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Ontario home builders’ Association oppose trades college structure

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The Ontario Home Builders’ Association (OHBA) recently stated that it is opposed to the current structure of the Ontario College of Trades (OCOT).

TORONTO

The Ontario Home Builders’ Association (OHBA) recently stated that it is opposed to the current structure of the Ontario College of Trades (OCOT).

OHBA has four main issues with OCOT, which will regulate over 150 skilled trades in Ontario in the construction, industrial, motive power and services sectors.

OHBA argues that OCOT’s framework is biased towards unions and large employers. It also takes issue that the residential sector is grouped with the Institutional/Commercial / Industrial (ICI) sector on the construction divisional board.

“The ICI sector consists of much larger employers which are typically unionized firms. The voice of the residential renovation industry and non-union builders is lost in this structure,” stated OHBA in a bulletin to its members.

OCOT was legislated in 2009 as a response to one of the recommendations made in the Compulsory Certification Project Review by Tim Armstrong. Its mandate includes promoting a career in the skilled trades to youth and reviews journeyman to apprentice ratios and compulsory certification.

OHBA said it believes the process for designating new trades as compulsory is biased towards those who want more compulsory trades.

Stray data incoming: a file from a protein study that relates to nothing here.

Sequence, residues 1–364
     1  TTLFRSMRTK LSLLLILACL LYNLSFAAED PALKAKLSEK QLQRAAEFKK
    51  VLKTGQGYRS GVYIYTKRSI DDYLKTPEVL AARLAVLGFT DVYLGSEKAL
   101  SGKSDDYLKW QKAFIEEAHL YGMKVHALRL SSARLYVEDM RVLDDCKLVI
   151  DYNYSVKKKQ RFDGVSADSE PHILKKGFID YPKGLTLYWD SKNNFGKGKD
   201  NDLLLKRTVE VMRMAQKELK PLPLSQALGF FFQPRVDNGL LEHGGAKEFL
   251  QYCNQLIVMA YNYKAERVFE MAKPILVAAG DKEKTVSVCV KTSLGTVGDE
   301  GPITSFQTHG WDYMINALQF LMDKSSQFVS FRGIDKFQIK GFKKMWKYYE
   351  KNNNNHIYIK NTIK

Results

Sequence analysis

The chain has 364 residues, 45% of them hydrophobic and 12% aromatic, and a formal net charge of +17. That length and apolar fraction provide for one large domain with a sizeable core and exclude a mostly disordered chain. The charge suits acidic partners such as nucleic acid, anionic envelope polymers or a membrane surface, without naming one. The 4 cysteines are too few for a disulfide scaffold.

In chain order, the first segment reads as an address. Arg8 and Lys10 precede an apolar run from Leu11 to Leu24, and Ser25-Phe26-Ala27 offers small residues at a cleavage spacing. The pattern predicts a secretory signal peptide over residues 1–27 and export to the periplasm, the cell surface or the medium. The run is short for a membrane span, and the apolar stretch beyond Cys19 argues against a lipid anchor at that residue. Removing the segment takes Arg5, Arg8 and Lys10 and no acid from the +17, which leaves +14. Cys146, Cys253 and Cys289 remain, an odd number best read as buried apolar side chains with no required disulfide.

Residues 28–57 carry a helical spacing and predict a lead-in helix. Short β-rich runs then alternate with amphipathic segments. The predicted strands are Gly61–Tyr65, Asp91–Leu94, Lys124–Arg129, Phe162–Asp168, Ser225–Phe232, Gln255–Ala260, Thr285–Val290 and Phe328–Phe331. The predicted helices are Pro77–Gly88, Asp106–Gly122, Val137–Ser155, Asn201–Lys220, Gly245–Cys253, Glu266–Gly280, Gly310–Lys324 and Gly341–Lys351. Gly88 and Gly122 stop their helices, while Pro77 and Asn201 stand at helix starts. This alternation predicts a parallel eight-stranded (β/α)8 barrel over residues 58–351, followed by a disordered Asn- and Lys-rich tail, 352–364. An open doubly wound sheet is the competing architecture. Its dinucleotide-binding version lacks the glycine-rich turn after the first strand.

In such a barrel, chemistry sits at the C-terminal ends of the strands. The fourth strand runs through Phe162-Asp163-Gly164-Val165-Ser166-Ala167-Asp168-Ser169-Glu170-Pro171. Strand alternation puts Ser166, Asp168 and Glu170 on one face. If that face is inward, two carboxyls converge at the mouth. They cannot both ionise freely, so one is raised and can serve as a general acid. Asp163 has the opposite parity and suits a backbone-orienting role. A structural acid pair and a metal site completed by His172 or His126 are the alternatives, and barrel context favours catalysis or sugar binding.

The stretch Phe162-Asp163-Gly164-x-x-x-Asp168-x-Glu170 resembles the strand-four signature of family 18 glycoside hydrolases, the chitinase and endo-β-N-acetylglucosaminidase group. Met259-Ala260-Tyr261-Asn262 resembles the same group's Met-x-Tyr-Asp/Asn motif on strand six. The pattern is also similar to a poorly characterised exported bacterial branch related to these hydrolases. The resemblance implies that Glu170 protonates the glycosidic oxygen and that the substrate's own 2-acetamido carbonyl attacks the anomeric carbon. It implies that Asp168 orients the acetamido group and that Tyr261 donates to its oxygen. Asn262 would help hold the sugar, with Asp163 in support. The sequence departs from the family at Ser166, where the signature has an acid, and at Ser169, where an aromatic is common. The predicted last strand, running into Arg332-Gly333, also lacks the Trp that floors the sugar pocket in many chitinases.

“Compulsory certification will compartmentalize labour supply, reduce labour mobility, flexibility and employment opportunities for new workers. Outside the GTA, labourers often perform a variety of tasks touching on several trades. If there are more certified trades smaller builders will experience labour shortages and increased costs,” stated the OHBA.

Currently the residential construction sector has minimal representation at OCOT and OHBA said there is no guarantee of greater representation in the future.

This announcement comes as more members of the ICI construction sector are becoming more vocal in their opposition to OCOT. The Ontario Construction Employers Coalition has grown to 14 member organizations and the London and District Construction Association and the Ottawa Construction Association have voiced their public opposition.

OCOT plans to open its doors on Jan. 1, 2013.

DCN NEWS SERVICES

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